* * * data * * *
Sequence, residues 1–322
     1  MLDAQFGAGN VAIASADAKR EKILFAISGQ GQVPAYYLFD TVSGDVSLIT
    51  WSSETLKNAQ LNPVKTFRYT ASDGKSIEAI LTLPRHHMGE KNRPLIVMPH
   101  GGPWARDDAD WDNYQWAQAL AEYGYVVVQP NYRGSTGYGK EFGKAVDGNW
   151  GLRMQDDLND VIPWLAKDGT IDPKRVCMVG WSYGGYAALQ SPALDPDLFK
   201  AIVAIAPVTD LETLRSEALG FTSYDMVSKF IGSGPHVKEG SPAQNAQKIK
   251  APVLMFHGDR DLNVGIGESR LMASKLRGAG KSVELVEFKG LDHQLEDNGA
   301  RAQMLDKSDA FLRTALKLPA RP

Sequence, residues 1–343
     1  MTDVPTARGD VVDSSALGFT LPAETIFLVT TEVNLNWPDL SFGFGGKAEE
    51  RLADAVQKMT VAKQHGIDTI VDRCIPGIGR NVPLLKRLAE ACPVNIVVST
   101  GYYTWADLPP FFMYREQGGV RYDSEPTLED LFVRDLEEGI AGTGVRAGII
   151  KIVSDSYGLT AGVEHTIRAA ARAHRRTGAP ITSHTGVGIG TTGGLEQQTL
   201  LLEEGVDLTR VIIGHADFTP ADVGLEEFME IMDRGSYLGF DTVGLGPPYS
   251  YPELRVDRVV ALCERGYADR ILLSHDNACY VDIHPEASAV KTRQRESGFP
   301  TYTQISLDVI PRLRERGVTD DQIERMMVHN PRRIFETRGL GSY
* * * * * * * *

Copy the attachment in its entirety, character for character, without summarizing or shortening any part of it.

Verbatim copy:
Sequence, residues 1–322
     1  MLDAQFGAGN VAIASADAKR EKILFAISGQ GQVPAYYLFD TVSGDVSLIT
    51  WSSETLKNAQ LNPVKTFRYT ASDGKSIEAI LTLPRHHMGE KNRPLIVMPH
   101  GGPWARDDAD WDNYQWAQAL AEYGYVVVQP NYRGSTGYGK EFGKAVDGNW
   151  GLRMQDDLND VIPWLAKDGT IDPKRVCMVG WSYGGYAALQ SPALDPDLFK
   201  AIVAIAPVTD LETLRSEALG FTSYDMVSKF IGSGPHVKEG SPAQNAQKIK
   251  APVLMFHGDR DLNVGIGESR LMASKLRGAG KSVELVEFKG LDHQLEDNGA
   301  RAQMLDKSDA FLRTALKLPA RP

Sequence, residues 1–343
     1  MTDVPTARGD VVDSSALGFT LPAETIFLVT TEVNLNWPDL SFGFGGKAEE
    51  RLADAVQKMT VAKQHGIDTI VDRCIPGIGR NVPLLKRLAE ACPVNIVVST
   101  GYYTWADLPP FFMYREQGGV RYDSEPTLED LFVRDLEEGI AGTGVRAGII
   151  KIVSDSYGLT AGVEHTIRAA ARAHRRTGAP ITSHTGVGIG TTGGLEQQTL
   201  LLEEGVDLTR VIIGHADFTP ADVGLEEFME IMDRGSYLGF DTVGLGPPYS
   251  YPELRVDRVV ALCERGYADR ILLSHDNACY VDIHPEASAV KTRQRESGFP
   301  TYTQISLDVI PRLRERGVTD DQIERMMVHN PRRIFETRGL GSY